Why is Stanley nicknamed "Caveman" in Holes?

Quick answer:

In the novel "Holes," Stanley earns the nickname "Caveman" during an altercation with another boy, Derrick, in the "wreck room." His friends, X-Ray and Armpit, use the nickname to intimidate Derrick and prevent a fight. The moniker "Caveman" likely originates from Stanley's large size, giving the impression of a prehistoric, tough figure. Although Stanley doesn't feel the nickname suits him, it becomes part of his identity after he discovers an ancient fish fossil.

Expert Answers

An illustration of the letter 'A' in a speech bubbles

Stanley's friends give him the nickname "Caveman" during an incident in the "wreck room" on the second day of camp. Stanley trips over a boy called the Lump when the Lump has his foot outstretched, and the Lump warns Stanley to watch himself. Stanley, too tired to care, tells the Lump to watch himself instead. The Lump stands up, and he is about to take Stanley on in a fight. Stanley's friend, X-Ray, tells the Lump that he shouldn't take on the Caveman. Armpit agrees that the Caveman is "cool" and should be left alone.

Stanley doesn't realize at first that he is the Caveman. His friends have given him this name to make him seem so tough to the Lump that the Lump won't want to fight with him. The name "Caveman" denotes someone who is tough and uses his fists to get what he wants.

Approved by eNotes Editorial
An illustration of the letter 'A' in a speech bubbles

All the boys in Holes have their own nicknames while at Camp Green Lake. Stanley receives his nickname in Chapter 9. While in the "Wreck Room", Stanley accidentally bumps into the camp bully, Derrick, who then tries to instigate a fight with him. In an attempt to deescalate the situation, X-Ray and Armpit chime in and tell Derrick that "You don't want to mess with the Caveman."

It is not clear exactly where they came up with this specific nickname. They certainly wanted something intimidating sounding to get Derrick to back down. The name most likely refers to Stanley's large size, which makes him sometimes seem like what they imagine a caveman to look like. Stanley does not think the name is particularly fitting for him, because he does not feel that he is as tough as the name makes him seem. The nickname is further cemented into Stanley's identity after he finds an ancient fossil of a fish in the next chapter.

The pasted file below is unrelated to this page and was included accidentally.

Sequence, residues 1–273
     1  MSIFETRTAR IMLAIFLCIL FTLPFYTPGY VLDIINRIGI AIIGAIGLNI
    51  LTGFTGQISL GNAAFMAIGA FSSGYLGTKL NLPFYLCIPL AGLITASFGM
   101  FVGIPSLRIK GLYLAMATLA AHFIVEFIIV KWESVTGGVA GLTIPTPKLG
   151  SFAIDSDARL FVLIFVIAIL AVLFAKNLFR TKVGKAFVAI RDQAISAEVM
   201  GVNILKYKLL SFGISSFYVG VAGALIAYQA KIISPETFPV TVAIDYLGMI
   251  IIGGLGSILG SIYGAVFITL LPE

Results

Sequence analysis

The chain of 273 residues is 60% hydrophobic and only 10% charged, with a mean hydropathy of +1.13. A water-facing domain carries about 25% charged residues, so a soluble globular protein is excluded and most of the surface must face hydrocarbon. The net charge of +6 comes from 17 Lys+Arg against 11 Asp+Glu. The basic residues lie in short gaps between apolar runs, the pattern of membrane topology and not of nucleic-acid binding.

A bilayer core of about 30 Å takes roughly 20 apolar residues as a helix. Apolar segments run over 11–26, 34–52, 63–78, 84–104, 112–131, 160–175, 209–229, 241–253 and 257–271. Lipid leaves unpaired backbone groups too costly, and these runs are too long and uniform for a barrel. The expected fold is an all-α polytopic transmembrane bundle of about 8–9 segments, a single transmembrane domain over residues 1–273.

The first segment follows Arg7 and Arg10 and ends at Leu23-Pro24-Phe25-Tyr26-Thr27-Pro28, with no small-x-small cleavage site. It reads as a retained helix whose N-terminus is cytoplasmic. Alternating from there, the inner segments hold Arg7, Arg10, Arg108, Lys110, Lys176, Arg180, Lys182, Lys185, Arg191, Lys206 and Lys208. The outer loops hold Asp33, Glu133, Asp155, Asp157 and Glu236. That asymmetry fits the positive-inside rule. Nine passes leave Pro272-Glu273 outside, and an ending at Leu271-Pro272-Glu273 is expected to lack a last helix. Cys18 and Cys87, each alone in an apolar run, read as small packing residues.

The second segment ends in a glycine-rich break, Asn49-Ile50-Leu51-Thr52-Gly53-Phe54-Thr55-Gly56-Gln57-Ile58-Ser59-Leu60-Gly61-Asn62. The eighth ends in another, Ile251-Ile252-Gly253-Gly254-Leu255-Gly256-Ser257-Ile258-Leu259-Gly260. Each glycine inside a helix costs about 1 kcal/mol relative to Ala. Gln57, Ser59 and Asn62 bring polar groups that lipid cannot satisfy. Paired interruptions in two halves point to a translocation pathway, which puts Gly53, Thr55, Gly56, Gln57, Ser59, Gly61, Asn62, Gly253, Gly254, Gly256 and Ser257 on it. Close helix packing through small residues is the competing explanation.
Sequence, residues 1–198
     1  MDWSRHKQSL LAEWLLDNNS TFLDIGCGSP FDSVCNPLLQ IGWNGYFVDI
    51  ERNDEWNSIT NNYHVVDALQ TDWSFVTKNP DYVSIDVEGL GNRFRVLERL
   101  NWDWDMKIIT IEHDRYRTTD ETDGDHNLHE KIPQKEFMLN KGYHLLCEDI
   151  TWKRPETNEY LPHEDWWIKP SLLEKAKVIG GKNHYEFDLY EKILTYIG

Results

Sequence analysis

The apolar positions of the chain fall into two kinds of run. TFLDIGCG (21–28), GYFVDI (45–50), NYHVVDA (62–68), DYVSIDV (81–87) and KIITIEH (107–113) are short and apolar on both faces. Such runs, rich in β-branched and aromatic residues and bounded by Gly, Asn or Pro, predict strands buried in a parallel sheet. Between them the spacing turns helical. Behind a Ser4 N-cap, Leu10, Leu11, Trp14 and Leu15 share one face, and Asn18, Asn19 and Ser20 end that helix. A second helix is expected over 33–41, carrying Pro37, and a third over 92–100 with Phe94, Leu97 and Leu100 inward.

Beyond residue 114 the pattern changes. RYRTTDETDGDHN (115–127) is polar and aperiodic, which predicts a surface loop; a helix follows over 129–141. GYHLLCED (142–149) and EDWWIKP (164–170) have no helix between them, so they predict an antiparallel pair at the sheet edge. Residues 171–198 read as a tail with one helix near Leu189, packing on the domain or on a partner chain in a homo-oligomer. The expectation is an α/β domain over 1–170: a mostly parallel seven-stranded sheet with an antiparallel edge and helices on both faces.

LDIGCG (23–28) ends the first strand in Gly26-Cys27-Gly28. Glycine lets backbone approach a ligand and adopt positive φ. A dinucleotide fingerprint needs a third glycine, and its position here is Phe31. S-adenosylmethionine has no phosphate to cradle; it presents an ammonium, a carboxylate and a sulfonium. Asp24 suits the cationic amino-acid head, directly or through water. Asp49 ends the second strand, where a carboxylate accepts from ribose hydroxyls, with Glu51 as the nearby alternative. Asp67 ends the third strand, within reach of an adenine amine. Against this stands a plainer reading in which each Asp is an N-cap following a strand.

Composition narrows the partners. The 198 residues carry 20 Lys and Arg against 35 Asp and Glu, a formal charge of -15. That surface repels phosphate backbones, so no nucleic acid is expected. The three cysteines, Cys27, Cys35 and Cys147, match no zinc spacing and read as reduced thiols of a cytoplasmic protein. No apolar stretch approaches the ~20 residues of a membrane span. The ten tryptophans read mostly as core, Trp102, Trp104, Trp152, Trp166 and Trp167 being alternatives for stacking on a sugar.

Approved by eNotes Editorial
An illustration of the letter 'A' in a speech bubbles

Why did the warden call Stanley a 'caveman' in Holes by Louis Sachar?

The warden called Stanley by his nickname, Caveman.

All of the boys are called by nicknames instead of their real names at Camp Green Lake.  The warden is less interested in the boys’ development than finding buried treasure.  When the warden addresses Stanley by his nickname, which the boys have given him, she is catering to the boys in a way.  She wants them to find her treasure.

Stanley does not even realize that he is Caveman at first.  He is one of the bigger boys.

"The Caveman's one tough dude," said Squid, and he lightly punched Stanley's arm.

Stanley leaned back against the torn vinyl upholstery. Despite his shower, his body still radiated heat. "I wasn't trying to start anything," he said. (Ch. 9) 

He says he doesn’t want to get into a fight with Caveman, because Caveman is kind of a scary nickname.  It isn’t until he realizes that the boys are talking to him and calling him Caveman that he understands that is his nickname.  It sounds tougher than Stanley. 

Stanley decides he likes his nickname.  Having a nickname means that he is one of the guys. It isn’t even that bad of a nickname like Barf Bag.  The nickname means "they accepted him as a member of the group."

When Stanley finally meets the warden, everything about her surprises him.  First of all, he had no idea she was a woman.  She is also meaner to the counselors than the boys, and seems to be more interested in treasure than character-building. 

The Warden turned to Stanley. "Caveman, will you come here, please?"

Stanley was surprised she knew his name. He had never seen her. Until she stepped out of the truck, he didn't even know the Warden was a woman. (Ch. 13) 

When the Warden calls him over to fill his canteen with water, she is making a point to Mr. Pendanski.  This is one of the reasons she used his nickname.  She was being sweet to the boy and mean to Mr. Pendanski.  He contradicted her when he said that he had just filled the canteens, and she did not like being contradicted.  Stanley found the whole incident unsettling.

See eNotes Ad-Free

Start your 48-hour free trial to get access to more than 30,000 additional guides and more than 350,000 Homework Help questions answered by our experts.

Get 48 Hours Free Access
Last Updated on